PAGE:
Interview: Lee Hogan

We talk to Lee Hogan about the success of Girls on the Gas and his flourishing media and coaching career.
Author: Garry Morrow

Author: Garry Morrow


Former 11 Time Australian Champion Lee Hogan has not sat still since hanging up his helmet in early 2003. The 34-year-old has carved a nice living in the sport that he made such a name for himself in. While Hogan is a visible person in the sport via his on track and TV presence as a host and commentator, he also runs some of the most successful riding schools in the country through his 'Building Champions Program'. If that is not enough work Hogan last year came up with, and ran the 'Honda Girls on the Gas' competition. In it's first year it was an outstanding success, with the second year almost completed we thought we would catch up with him and see how the concept has panned out. Insider: What was you main intention in starting the Girls on the Gas Competition?

Lee Hogan: I guess I was looking into the sport and trying to find something that wasn't being done properly. Sort of a market niche that needed some attention. I was going through a bunch of ideas in my head and as soon as I thought about Women's motocross a light bulb went off. I switched the computer off and within ten minutes I'd come up with the name 'Girls on The Gas' and the concept of the competition. Combining public speaking, fitness and riding skills. Soon after I had already spoken to Jason Nicholas and locked in Honda as the main naming rights sponsor. So it all happened really, really quickly once the ball started rolling.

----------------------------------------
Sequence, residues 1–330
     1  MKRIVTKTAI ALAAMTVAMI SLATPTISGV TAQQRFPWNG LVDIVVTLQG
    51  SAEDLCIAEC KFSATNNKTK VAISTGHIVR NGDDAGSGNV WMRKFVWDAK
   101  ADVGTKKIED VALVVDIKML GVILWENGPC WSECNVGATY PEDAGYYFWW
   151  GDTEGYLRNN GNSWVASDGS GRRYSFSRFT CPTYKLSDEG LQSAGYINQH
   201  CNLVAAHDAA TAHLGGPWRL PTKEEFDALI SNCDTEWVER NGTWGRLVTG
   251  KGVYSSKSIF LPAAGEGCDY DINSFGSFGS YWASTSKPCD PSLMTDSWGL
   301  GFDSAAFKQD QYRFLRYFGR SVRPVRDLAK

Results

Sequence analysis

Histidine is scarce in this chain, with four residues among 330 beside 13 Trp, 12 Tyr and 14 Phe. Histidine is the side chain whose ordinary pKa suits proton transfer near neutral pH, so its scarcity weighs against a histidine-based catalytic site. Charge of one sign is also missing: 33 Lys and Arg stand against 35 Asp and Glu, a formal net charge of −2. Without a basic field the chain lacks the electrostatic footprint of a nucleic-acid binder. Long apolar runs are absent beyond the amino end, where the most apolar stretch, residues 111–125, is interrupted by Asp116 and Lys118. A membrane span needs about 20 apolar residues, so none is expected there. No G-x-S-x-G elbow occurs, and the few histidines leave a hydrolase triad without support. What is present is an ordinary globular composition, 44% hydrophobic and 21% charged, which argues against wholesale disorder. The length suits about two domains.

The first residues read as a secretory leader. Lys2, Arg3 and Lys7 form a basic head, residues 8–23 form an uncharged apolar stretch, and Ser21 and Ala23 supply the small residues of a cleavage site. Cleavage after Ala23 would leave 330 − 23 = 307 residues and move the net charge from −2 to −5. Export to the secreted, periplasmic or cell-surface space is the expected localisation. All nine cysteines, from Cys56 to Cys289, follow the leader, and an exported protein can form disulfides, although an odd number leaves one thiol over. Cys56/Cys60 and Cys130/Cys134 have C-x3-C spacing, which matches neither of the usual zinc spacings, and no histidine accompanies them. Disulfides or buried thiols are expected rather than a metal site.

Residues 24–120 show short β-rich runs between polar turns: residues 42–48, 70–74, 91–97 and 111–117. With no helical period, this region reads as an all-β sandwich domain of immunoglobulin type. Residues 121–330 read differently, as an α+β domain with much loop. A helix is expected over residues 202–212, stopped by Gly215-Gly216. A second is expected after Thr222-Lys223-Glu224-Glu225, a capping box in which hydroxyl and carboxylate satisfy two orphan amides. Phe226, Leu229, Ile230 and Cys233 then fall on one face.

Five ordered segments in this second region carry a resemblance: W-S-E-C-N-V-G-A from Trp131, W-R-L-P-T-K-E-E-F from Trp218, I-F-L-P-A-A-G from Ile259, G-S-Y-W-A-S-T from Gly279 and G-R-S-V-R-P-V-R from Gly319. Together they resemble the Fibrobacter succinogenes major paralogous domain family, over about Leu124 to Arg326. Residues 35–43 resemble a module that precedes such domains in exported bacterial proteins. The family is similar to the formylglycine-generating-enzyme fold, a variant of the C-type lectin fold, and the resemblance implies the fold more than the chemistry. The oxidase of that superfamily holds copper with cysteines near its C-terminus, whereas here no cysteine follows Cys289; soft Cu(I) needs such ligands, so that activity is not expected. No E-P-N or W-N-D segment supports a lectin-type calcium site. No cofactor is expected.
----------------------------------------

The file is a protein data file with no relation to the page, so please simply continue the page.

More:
Insider: It is a good idea and women's motocross is definitely growing and becoming more a part of the motocross landscape. Just this morning I did the results for the Women's championship and there where 40 women who took part in the series.